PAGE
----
Article  CAS  PubMed  Google Scholar 

  • Kavoosi M, Creagh AL, Kilburn DG, Haynes CA (2007) Strategy for selecting and characterizing linker peptides for CBM9-tagged fusion proteins expressed in Escherichia coli. Biotechnol Bioeng 98:599–610

    Article  CAS  PubMed  Google Scholar 

  • Keng VW, Yae K, Hayakawa T, Mizuno S, Uno Y, Yusa K, Kokubu C, Kinoshita T, Akagi K, Jenkins NA, Copeland NG, Horie K, Takeda J (2005) Region-specific saturation germline mutagenesis in mice using the Sleeping Beauty transposon system. Nat Methods 2:763–769

    Article  CAS  PubMed  Google Scholar 

  • Keravala A, Liu D, Lechman ER, Wolfe D, Nash JA, Lampe DJ, Robbins PD (2006) Hyperactive Himar1 transposase mediates transposition in cell culture and enhances gene expression in vivo. Hum Gene Ther 17:1006–1018

    Article  CAS  PubMed  Google Scholar 

  • Lampe DJ, Churchill ME, Robertson HM (1996) A purified mariner transposase is sufficient to mediate transposition in vitro. EMBO J 15(5):470–479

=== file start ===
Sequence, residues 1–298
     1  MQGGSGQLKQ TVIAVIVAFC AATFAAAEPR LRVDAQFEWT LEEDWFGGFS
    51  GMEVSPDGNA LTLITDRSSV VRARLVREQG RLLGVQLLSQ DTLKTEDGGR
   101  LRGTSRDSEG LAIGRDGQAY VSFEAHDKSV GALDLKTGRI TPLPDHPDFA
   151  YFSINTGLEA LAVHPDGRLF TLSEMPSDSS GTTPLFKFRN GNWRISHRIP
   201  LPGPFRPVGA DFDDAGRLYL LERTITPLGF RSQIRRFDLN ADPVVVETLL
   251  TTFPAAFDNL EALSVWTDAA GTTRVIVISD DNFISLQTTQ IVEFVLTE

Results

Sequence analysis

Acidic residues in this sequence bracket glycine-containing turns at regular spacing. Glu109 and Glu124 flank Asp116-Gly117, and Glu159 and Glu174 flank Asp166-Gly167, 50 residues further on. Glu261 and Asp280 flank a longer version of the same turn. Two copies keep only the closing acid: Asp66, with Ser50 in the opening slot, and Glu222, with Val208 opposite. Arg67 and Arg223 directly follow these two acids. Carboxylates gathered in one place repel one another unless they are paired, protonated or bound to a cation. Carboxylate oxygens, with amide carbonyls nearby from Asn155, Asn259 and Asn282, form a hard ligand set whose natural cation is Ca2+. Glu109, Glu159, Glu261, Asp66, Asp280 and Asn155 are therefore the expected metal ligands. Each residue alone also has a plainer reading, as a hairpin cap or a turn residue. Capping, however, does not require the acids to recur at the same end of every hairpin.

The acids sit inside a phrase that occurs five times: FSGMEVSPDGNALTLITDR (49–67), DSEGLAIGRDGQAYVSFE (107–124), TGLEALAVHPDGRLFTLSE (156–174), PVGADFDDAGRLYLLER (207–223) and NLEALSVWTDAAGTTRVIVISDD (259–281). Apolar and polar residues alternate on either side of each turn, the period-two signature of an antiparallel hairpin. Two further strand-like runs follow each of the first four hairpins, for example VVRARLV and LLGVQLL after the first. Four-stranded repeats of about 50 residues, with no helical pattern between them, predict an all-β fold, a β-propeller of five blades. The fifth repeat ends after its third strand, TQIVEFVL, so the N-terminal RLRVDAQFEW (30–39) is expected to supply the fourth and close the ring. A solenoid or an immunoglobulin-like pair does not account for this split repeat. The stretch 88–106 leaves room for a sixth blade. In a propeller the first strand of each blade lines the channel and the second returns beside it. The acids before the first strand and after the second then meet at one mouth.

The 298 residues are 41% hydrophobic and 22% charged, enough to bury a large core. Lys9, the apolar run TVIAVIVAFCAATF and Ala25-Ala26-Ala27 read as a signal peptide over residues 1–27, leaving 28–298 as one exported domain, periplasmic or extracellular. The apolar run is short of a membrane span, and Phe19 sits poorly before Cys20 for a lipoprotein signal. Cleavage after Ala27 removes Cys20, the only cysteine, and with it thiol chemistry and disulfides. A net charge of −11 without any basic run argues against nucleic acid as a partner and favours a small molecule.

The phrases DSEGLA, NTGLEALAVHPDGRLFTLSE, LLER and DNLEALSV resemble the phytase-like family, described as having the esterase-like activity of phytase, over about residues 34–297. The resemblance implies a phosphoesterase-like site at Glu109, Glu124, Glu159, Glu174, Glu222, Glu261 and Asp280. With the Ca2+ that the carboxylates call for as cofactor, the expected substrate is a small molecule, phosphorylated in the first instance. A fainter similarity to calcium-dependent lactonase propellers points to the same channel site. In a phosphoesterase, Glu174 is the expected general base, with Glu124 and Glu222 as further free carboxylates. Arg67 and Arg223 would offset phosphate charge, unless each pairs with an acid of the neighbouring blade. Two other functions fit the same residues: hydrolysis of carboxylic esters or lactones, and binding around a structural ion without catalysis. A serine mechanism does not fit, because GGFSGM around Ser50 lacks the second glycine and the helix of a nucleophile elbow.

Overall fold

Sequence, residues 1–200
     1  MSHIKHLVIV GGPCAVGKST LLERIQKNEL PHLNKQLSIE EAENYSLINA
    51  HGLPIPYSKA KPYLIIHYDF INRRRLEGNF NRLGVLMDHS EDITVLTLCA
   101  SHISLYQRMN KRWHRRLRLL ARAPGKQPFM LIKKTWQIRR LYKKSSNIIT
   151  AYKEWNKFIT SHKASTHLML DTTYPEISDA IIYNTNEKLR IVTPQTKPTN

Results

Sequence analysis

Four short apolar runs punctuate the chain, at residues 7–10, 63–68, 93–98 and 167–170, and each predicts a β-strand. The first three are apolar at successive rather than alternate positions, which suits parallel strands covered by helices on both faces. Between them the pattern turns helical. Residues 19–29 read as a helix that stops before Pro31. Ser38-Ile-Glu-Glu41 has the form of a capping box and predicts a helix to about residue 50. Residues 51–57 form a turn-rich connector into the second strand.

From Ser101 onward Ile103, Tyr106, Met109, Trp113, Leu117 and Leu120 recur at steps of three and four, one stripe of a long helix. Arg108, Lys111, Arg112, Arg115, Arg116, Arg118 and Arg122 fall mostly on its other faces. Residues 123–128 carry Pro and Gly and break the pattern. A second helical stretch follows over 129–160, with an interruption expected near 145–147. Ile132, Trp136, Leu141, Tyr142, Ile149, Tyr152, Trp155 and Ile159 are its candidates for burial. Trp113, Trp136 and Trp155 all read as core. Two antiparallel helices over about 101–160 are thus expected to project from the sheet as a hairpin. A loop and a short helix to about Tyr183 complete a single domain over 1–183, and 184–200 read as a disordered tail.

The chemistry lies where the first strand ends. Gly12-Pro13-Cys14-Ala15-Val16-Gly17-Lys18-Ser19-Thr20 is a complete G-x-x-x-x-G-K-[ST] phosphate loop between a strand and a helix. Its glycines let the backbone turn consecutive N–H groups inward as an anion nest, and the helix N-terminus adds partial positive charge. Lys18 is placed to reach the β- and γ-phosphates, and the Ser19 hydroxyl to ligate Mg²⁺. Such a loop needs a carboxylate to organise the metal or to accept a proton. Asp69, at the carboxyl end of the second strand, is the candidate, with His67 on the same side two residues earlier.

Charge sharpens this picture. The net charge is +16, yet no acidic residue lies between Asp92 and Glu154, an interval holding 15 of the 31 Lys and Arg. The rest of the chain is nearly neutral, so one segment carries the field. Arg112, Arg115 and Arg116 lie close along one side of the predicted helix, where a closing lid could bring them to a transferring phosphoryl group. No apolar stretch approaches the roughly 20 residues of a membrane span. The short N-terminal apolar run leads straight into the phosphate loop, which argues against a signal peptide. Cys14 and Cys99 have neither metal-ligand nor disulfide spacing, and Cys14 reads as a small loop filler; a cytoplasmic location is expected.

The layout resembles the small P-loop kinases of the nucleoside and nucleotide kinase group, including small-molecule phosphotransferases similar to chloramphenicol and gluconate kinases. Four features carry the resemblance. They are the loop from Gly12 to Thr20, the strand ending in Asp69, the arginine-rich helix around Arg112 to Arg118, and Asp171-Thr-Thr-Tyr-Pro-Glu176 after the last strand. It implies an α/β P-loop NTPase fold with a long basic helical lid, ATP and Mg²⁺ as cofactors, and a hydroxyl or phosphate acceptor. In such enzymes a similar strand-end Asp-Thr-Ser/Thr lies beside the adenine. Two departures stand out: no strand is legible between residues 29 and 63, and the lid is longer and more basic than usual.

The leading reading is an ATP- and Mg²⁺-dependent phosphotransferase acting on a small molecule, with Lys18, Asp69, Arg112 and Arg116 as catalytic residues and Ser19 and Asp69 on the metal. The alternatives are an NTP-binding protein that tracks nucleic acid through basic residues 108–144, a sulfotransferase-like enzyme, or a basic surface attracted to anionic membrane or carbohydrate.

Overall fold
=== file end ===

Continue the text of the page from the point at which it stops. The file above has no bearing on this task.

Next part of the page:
Google Scholar 

  • Lipkow K, Buisine N, Chalmers R (2004) Promiscuous target interactions in the mariner transposon Himar1. J Biol Chem 279:48569–48575

    Article  CAS  PubMed  Google Scholar 

  • Liu X, Liu M, Xue Z, Pan Q, Wu L, Long Z, Xia K, Liang D, Xia J (2007) Non-viral ex vivo transduction of human hepatocyte cells to express factor VIII using a human ribosomal DNA-targeting vector. J Thromb Haemost 5:347–351

    Article  CAS  PubMed  Google Scholar 

  • Luo G, Ivics Z, Izsvák Z, Bradley A (1998) Chromosomal transposition of a Tc1/mariner-like element in mouse embryonic stem cells. Proc Natl Acad Sci USA 95:10769–10773